Tis the season for giving, and many holiday expenses find themselves landing on credit. If you were to borrow $1,500 to pay for all expenses this holiday season on a credit card that charges 28% interest and decided to pay just the minimum payment, it could take upwards of 19 years to pay off and cost an extra $3,978 in interest payments.
Matthew Keenan of Credit Counselling Service of Sault Ste. Marie and District offers the following advice for sticking to your holiday budget and helping to avoid the credit crunch come the New Year.
Set a budget:
Having a holiday budget starts with what you can comfortably pay in cash come the end of the month. It also means that if you decide to use credit as a convenient tool to buy gifts, you will be able to cover the bill in January, in full, in cash. This amount will help set you up for your holiday spending and should be seen as a hard line not to go over.
Make a list and check it twice:
There is a reason the man in red has a list and checks it twice. By making a list of who you are going to be buying gifts for, you are able to see where your money will be going. A list also helps you stay inline when it comes time to shop.
Your list should include who you are buying for, what you are buying, and how much (including tax and shipping cost) you will spend.
You should also have a list of all the holiday trimmings you need to buy and factor them into your holiday budget. Do you need a new string of lights? What about new wrapping paper, hostess gifts, etc.?
Compare all of these costs to your budget. Are you over budget? Then you have to decide where to cut back.
Use reward points:
In many cases, premium credit cards allow you to collect points based on the money you spend but also carry an annual membership fee. You can use these points to buy gift cards to stores that you plan on shopping at for the holidays. Cashing in these points can help you stretch your holiday budget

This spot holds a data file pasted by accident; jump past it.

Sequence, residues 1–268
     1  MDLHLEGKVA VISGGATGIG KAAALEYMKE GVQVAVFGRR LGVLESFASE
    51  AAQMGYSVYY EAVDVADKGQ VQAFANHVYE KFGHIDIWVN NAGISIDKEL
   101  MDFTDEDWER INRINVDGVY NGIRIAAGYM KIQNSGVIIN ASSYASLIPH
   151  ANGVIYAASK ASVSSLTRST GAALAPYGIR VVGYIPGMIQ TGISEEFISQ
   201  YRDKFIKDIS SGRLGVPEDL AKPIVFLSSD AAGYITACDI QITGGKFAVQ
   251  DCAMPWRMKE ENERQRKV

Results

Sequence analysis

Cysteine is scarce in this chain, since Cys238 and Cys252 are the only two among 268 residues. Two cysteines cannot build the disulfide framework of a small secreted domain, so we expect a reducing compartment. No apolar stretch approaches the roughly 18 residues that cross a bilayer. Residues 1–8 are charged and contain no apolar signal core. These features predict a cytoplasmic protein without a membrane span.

Leave the cards at home:
By using cash only, you must stick closely to your list and what you have budgeted because; going over for one person will mean that you are taking from another. When you use credit or even debit, the likelihood that you will just swipe your card to make up the difference increases.
When shopping with cash it may be wise to have a number of envelopes with you, each labelled with the recipient’s name, gifts you plan on buying, and the allotted amount of cash. This way you know you will have enough to cover your gift expenses.
It is easy to let our spending get out of hand; the RBC survey confirms that many do. By taking a few seconds to keep track of your spending against your list and budget, you will be better equipped to keep on track and make changes where necessary.
Start saving for next year:
According to the RBC post-holiday survey, only 31% of Canadians felt that they should set a little aside each month to prepare for the holiday season. Saving $50.00 each month, starting in January, means you will have $600.00 by Christmas time 2017. Starting to save in October though, you will need to save $200.00 to have the same amount for the holidays. It is a lot easier on a budget to save $50.00 then it is to save $200.00.
You can make this savings automatic by setting up a savings account and automatic transfer of money on payday.